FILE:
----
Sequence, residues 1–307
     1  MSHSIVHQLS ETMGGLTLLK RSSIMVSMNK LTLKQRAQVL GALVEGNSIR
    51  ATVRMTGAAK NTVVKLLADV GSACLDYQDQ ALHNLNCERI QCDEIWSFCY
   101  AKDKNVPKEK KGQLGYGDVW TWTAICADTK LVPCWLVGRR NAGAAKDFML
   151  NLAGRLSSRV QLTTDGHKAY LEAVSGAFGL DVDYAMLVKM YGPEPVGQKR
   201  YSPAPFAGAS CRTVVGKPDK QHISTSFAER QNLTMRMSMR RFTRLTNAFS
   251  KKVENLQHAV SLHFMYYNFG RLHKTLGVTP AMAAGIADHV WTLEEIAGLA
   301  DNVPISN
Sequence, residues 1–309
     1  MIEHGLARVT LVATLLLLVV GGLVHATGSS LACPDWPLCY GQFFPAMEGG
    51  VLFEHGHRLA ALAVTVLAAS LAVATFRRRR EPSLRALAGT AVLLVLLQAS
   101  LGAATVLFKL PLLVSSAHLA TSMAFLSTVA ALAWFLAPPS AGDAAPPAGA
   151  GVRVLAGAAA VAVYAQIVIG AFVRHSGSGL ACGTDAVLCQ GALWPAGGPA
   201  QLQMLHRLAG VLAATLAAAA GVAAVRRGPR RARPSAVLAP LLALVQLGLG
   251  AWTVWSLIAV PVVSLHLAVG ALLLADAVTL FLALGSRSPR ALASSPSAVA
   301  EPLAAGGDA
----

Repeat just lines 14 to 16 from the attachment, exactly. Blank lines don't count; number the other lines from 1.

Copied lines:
   201  QLQMLHRLAG VLAATLAAAA GVAAVRRGPR RARPSAVLAP LLALVQLGLG
   251  AWTVWSLIAV PVVSLHLAVG ALLLADAVTL FLALGSRSPR ALASSPSAVA
   301  EPLAAGGDA